So, Beth D. Carter, tell us a bit about yourself. Also, what inspired you to become a writer?
* Hello! Thank you so much for having me on your site today! I like writing about the very ordinary girl thrust into extraordinary circumstances, so my heroines will probably never be lawyers, doctors or corporate highrollers. I try to write characters who aren't cookie cutters and push myself to write complicated situations that I have no idea how to resolve, forcing me to think outside the box. I love writing characters who are real, complex and full of flaws, heroes and heroines who find redemption through love. I love to hear from readers so I’ve made it really easy to find me on the web. You can find the social media links later on in the post.
* As for the inspiration... My mother’s Harlequin Presents novels, particularly those written by Carole Mortimer, shaped my writing career. They were so emotional and heartfelt that I was sucked into each story. I wanted to write stories like that.
When did you attempt your first story? What length was it? What's become of it?
* The first book I ever wrote was when I was about twelve. I wrote it longhand in a spiral note book, and each chapter was ten pages long. The heroine’s name was Amanda, and she was the daughter of a madam in the Old West, and the hero thought she was a prostitute working there. Deep stuff for a twelve year old, huh? LOL! I think I got frustrated with it and threw it away, much to my mortification now.
How many stories did you complete before you sold your first?
* Two. One story is over 600 pages and took me two years to write. Sadly, that story will probably never see the light of day unless I can afford an editor and self pub that epic masterpiece.
What are the best and worst pieces of writing advice you ever received?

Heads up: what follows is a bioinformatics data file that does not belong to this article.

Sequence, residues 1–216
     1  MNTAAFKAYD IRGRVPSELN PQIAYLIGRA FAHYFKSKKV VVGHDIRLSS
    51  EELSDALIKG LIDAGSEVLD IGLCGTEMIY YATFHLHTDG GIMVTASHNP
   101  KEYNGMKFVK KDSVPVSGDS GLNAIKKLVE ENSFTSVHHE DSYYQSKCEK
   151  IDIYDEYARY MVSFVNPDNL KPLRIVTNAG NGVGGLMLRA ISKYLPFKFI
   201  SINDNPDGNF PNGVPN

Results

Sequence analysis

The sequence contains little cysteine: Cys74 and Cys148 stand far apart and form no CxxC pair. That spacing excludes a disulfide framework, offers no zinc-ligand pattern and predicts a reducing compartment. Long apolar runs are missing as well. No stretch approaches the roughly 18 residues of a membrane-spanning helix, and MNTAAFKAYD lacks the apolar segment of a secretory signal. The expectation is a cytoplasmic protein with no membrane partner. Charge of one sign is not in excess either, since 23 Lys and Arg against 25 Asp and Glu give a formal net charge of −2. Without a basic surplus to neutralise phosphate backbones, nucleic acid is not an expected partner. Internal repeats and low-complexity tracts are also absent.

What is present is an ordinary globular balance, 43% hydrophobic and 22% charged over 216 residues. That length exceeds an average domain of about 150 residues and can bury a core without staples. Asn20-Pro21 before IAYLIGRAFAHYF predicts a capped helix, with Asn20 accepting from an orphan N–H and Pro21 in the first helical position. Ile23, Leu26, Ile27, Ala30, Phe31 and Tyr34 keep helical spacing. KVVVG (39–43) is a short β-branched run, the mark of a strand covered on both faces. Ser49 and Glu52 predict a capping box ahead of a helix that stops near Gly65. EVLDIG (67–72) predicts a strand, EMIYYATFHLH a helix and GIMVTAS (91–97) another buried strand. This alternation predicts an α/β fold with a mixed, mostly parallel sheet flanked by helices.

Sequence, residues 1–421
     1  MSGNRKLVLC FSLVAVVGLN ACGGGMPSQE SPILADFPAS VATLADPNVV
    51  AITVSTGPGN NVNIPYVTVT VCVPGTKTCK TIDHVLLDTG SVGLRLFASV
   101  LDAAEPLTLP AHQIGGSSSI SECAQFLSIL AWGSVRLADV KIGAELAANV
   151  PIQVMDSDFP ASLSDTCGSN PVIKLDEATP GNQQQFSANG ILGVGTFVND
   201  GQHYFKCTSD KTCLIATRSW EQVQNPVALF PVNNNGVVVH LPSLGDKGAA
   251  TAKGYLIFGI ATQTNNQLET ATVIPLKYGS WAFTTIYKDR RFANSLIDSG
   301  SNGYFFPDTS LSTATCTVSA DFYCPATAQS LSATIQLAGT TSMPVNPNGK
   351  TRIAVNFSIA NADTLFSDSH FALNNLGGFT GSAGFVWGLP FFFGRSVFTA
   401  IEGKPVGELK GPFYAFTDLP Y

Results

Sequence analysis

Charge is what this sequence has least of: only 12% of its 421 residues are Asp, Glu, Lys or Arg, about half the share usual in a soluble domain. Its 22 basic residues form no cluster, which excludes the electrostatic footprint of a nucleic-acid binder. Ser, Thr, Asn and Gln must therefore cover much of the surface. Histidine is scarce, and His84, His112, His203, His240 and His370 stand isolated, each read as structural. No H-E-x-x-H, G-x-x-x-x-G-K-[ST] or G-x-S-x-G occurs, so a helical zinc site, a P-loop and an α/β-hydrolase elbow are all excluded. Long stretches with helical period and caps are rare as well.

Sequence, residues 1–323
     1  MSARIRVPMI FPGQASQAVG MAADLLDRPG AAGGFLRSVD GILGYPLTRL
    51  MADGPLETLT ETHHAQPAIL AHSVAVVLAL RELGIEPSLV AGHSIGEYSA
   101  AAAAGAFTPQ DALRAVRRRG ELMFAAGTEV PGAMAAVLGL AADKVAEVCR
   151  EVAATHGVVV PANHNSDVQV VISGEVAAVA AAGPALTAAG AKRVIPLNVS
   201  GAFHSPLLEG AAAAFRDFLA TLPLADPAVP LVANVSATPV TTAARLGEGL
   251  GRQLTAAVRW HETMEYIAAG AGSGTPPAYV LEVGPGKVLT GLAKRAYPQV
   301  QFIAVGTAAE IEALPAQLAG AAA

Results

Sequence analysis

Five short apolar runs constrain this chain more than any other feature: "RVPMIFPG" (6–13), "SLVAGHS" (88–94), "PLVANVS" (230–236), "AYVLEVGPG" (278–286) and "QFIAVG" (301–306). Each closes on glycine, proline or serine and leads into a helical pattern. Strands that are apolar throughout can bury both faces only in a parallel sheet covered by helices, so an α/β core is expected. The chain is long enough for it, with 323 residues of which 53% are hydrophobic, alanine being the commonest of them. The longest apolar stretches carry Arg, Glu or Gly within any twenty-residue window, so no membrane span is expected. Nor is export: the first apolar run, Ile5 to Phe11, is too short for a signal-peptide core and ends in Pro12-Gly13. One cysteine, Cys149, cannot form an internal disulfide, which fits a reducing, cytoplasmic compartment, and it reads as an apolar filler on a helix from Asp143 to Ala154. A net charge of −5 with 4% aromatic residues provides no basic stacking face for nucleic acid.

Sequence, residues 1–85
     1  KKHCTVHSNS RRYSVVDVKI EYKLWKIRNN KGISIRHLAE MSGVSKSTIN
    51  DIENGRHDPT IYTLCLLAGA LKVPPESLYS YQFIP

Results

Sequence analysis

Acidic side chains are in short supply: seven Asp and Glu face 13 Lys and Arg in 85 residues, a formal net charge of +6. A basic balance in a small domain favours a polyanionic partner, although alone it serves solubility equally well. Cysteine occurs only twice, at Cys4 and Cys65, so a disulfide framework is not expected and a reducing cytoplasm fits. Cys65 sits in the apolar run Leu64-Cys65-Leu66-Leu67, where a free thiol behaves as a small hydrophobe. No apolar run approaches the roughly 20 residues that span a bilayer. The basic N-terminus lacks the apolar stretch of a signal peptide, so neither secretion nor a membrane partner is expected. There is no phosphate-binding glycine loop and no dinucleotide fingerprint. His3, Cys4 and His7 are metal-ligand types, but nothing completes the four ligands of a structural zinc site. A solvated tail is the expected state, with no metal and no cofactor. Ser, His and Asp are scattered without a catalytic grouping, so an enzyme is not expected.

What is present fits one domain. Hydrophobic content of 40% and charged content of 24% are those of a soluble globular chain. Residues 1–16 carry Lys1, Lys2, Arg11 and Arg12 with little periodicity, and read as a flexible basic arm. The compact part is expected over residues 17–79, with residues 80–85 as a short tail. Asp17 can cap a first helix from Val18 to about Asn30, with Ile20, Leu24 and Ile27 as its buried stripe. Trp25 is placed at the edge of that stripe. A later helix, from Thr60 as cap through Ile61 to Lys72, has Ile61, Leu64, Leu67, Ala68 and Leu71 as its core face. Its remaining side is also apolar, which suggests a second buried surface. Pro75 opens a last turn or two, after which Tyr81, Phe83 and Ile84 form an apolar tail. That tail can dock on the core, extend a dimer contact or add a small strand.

* Good question! Best: READ READ READ. Learn how to write by reading.
* Worst: Changing a story plot because the publisher didn’t like it.
The book you’re promoting, is it a stand-alone story or part of a series? If it’s part of a series, please list the order the books need to be read in for maximum reading enjoyment.
* When Lightning Strikes is a stand alone story, although I do have more ideas for “coma” induced paranormal events.
What sparked the idea for the story?
* I love time travel and I thought how interesting it would be for someone in the past to come to the future (our time).
Do you have anything else you'd like to share about the story?
* When Lightning Strikes has been one of my favorite stories I’ve ever written (so far!). It’s a time travel where the heroine comes forward to our time from 1794. I did a lot of research for this story, as well as paying tribute to some of my own ancestors.
* The heroine’s name is Henrietta Lydia Knapp and Knapp is a family name with a long history. My sixth great-grandmother, Lydia Knapp, had a prestigious family tree, linked back to Katherine Cromwell, the Tudor line, and Charles VI (the Mad King of France), whose own lineage was deeply engraved on England and France’s bloody history. Lydia Knapp’s grandfather came to Massachusetts in the 1600’s, making him one of the first people to settle the untamed new world. Genealogy is truly amazing and humbling at the same time.